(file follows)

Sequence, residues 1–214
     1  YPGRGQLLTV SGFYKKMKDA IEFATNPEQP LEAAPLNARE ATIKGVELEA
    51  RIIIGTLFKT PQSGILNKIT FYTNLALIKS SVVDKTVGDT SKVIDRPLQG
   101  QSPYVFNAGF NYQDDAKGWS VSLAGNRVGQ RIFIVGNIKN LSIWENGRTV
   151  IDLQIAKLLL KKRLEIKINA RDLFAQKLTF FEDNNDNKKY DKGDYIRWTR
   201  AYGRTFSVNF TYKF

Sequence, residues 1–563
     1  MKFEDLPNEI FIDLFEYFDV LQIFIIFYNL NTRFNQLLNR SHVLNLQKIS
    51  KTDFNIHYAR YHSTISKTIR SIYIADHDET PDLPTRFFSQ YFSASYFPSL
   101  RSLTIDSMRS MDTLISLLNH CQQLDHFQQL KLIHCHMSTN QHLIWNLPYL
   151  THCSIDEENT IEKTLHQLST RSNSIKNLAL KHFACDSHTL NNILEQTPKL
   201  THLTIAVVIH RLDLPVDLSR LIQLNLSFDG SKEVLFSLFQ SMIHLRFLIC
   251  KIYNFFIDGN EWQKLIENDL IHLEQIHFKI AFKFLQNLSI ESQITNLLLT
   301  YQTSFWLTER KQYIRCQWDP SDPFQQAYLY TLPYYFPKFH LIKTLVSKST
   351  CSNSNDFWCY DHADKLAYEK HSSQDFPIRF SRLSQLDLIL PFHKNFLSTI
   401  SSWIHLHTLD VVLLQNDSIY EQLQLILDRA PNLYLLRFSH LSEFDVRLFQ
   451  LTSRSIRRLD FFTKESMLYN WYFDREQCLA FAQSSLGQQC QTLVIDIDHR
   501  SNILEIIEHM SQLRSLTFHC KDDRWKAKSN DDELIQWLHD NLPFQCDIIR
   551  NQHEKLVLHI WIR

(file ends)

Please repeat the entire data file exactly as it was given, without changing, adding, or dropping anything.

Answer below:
Sequence, residues 1–214
     1  YPGRGQLLTV SGFYKKMKDA IEFATNPEQP LEAAPLNARE ATIKGVELEA
    51  RIIIGTLFKT PQSGILNKIT FYTNLALIKS SVVDKTVGDT SKVIDRPLQG
   101  QSPYVFNAGF NYQDDAKGWS VSLAGNRVGQ RIFIVGNIKN LSIWENGRTV
   151  IDLQIAKLLL KKRLEIKINA RDLFAQKLTF FEDNNDNKKY DKGDYIRWTR
   201  AYGRTFSVNF TYKF

Sequence, residues 1–563
     1  MKFEDLPNEI FIDLFEYFDV LQIFIIFYNL NTRFNQLLNR SHVLNLQKIS
    51  KTDFNIHYAR YHSTISKTIR SIYIADHDET PDLPTRFFSQ YFSASYFPSL
   101  RSLTIDSMRS MDTLISLLNH CQQLDHFQQL KLIHCHMSTN QHLIWNLPYL
   151  THCSIDEENT IEKTLHQLST RSNSIKNLAL KHFACDSHTL NNILEQTPKL
   201  THLTIAVVIH RLDLPVDLSR LIQLNLSFDG SKEVLFSLFQ SMIHLRFLIC
   251  KIYNFFIDGN EWQKLIENDL IHLEQIHFKI AFKFLQNLSI ESQITNLLLT
   301  YQTSFWLTER KQYIRCQWDP SDPFQQAYLY TLPYYFPKFH LIKTLVSKST
   351  CSNSNDFWCY DHADKLAYEK HSSQDFPIRF SRLSQLDLIL PFHKNFLSTI
   401  SSWIHLHTLD VVLLQNDSIY EQLQLILDRA PNLYLLRFSH LSEFDVRLFQ
   451  LTSRSIRRLD FFTKESMLYN WYFDREQCLA FAQSSLGQQC QTLVIDIDHR
   501  SNILEIIEHM SQLRSLTFHC KDDRWKAKSN DDELIQWLHD NLPFQCDIIR
   551  NQHEKLVLHI WIR